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Also listen to the action at Sounds of Seattle
During the week of September 9, 2002, members of the radio industry traveled to Seattle, Washington for the National Association of Broadcasters' annual radio convention.
The same week, two other groups of people also began converging on Seattle. Both of these groups came to criticize and challenge the gathering of corporate radio executives and managers, but each had its own idea about how to talk back.
This was not the first time the NAB radio convention has been the focus of protest. When the convention was held in San Francisco in 2000, thousands of people massed in the streets to speak out about the state of radio in America.
At that time, media activists were thick in the fight to try and save the FCC's new low power FM (LPFM) license system from assassination from the broadcast industry, and much of the protest focused on the potential for the legalization of microradio - the unlicensed version of which has been a form of electronic civil disobedience since the late 1980's.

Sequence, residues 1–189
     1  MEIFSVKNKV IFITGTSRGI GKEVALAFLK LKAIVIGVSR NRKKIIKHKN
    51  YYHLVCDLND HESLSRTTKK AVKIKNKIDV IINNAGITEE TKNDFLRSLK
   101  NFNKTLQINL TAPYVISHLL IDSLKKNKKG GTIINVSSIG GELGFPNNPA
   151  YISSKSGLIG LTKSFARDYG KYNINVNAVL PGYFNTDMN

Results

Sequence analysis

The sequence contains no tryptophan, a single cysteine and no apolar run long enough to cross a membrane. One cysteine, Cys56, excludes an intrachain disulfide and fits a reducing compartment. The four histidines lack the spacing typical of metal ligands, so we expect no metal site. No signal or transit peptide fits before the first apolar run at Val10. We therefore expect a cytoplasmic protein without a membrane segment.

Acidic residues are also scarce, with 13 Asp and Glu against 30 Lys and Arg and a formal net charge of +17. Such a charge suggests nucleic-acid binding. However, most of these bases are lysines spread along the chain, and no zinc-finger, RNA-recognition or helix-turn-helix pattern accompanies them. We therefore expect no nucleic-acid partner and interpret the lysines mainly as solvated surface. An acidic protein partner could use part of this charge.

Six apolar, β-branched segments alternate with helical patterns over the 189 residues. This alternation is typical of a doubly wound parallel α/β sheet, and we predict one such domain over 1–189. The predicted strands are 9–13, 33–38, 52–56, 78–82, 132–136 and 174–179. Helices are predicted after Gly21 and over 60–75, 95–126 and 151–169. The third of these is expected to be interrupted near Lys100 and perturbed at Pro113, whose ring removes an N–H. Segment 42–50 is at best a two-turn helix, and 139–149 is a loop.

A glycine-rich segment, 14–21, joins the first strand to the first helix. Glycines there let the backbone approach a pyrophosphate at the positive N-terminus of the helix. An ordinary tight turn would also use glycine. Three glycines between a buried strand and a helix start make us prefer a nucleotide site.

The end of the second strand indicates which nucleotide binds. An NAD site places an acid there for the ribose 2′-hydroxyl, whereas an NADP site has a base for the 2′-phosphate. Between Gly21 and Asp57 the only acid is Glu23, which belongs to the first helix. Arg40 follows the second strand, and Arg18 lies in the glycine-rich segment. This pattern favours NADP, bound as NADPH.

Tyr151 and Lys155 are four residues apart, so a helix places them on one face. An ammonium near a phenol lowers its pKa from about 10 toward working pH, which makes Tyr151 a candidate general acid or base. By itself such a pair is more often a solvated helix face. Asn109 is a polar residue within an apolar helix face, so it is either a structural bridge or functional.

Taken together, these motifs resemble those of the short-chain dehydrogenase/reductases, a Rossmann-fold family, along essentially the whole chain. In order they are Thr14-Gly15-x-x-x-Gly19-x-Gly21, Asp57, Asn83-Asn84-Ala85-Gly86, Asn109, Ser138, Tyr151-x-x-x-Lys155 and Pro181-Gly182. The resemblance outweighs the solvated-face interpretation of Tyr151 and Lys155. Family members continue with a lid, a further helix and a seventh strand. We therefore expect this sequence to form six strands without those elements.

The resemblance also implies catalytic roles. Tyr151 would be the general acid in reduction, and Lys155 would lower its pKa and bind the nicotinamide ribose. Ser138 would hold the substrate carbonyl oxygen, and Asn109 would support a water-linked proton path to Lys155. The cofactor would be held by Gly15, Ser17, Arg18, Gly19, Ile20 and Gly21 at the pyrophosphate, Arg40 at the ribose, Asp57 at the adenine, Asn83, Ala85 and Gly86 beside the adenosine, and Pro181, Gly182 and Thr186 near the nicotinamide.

There was a real need two years ago to be in the streets, to take such direct action to make the message stick. Two years later, the media democracy movement that began to crystallize in San Francisco is fighting on new fronts, and another confrontation on the streets wouldn't be as effective.
This time around, LPFM exists (but barely), and just another tool to be discussed and strategized upon at the myriad of conferences which shaped the Reclaim the Media! counter-convergence - definitely the more high-profile of the two anti-NAB events that took place Seattle.
event is the one we'll cover here. Under the radar of the NAB, and with
the tacit support of Reclaim the Media! organizers, a "Mosquito Fleet"
of microradio activists from around the country also converged and coordinated
a mass occupation of Seattle's FM radio dial - direct action on the airwaves
against the corporate media.
Strategic Goals of the Mosquito Fleet:
Tactical Goals of the Mosquito Fleet:
Note that none of these goals even mention anything about the Federal Communications Commission, or its ongoing enforcement activities. The perspective of many participants is that the FCC would basically be a non-concern for the duration of the Mosquito Fleet's cruise. Even so, contingencies had to be covered.